A coming paradigm shift

The battle – and it is a battle, always – over the theories as to the development of modern humans seems to be taking a major turn. For the last 40 years, more or less, the theory has held that modern man arose in northeastern Africa and from there populated the earth. This is the Out of Africa theory. Just recently – see the article below – a major find in northwestern Africa, fully across the continent from Ethopia and the east coast, has turned theories of modern humanity’s origins on its head. Yes, they are still talking about Out of Africa, but this find upsets everything in many ways, and the ramifications won’t emerge for months, maybe years. I think we are on the precipice of a NEW theory of modern human origins, but cannot even guess what it might be….

https://www.ft.com/content/ffcb2b38-4d09-11e7-a3f4-c742b9791d43

Coming home

A gazillion years ago when I fished from Chatham we had to cross the bar from Pleasant Bay into the Atlantic. It was (and still is) hairy, especially if it was foggy – and it was always foggy – and a sea was running. The channel shifted daily, sand, tons, being moved, and the course would wind among the breakers, left, then right. The boats fishing from Chatham are small, 40-50 feet, yet those seas could be large. When I was fishing we’d cross the bar. Just beyond was the broken and sunken half of the ship Pendlelton, which in the early 50s had come ashore and broken in half. There was a movie made about it, Finest Hours, recently, which I thought was pretty accurate except the absolute hairiest part of that saga, crossing the bar back into Pleasant Bay with all those men aboard and the storm raging, was sort of skipped. But those of us who fished from Chatham, we understood how hairy that had been.  There are lots of other bars and hairy entrances around the world fishermen must pass, and even ships (the Columbia Bar off Oregon and Washington for example). This grainy You Tube video here shows the Grindavik, Iceland, harbor entrance in January 1991 in a nasty sea and is in my opinion the most dramatic bar crossing on video ever made. My guess is the boat in the video is 110-130 feet long. Just imagine….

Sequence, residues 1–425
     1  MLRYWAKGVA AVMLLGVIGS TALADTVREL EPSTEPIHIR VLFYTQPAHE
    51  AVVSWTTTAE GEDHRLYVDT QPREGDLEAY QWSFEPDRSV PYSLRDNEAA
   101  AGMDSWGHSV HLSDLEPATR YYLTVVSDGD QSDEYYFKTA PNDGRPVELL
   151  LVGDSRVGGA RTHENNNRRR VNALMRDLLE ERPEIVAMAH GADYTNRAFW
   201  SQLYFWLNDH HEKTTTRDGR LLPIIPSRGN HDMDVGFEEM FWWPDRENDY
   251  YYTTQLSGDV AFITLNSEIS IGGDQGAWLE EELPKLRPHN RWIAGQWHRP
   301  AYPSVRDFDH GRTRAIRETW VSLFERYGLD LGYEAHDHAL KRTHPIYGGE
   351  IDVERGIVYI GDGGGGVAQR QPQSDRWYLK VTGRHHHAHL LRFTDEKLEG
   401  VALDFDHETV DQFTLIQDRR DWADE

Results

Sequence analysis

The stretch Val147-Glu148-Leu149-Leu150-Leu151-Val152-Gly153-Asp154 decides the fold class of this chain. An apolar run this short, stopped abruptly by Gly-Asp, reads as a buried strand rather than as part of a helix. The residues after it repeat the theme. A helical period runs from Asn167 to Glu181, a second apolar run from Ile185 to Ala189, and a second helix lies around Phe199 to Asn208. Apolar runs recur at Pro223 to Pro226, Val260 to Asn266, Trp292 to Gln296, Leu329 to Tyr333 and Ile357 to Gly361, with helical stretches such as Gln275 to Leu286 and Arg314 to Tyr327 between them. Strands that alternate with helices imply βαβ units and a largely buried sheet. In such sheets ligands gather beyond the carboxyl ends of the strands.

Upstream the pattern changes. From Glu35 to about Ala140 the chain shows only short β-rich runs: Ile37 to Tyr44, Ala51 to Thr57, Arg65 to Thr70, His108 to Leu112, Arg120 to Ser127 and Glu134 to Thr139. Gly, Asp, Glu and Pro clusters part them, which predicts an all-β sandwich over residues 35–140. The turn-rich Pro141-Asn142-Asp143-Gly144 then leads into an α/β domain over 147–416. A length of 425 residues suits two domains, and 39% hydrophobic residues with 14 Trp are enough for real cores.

The Inland Empire

I’ve been driving around eastern Washington, western Idaho and Eastern Montana this week stopping at Indie bookstores in hopes of encouraging them to place my book on their shelves. I get the best of the deal, by far – I meet great people, see some terrific shops, and get to wander some breathtaking country. I first drove through eastern Washington in 1967 when I was 20, with two friends, in an ancient Peugeot sedan. We came up from California, passed Mt. Rainier, went through Yakima, and then headed east toward Idaho and Montana. We all remember coming onto that high desert plain and seeing the road stretch ahead for miles and miles. Yesterday I was north of Ephrata on a back way to Wenatchee and came upon a secondary road which looked exactly like the main highway did a half century ago. Exactly.

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Guess Where

One thing about wandering the northwest visiting indie bookstores, along with the great people I meet and the wonderful towns I see, is lots and lots of hours behind the wheel driving – open roads, freeways, passes, switchbacks, more passes, more open roads – and here’s what I see. Any guesses?

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The Good Old Fashioned Way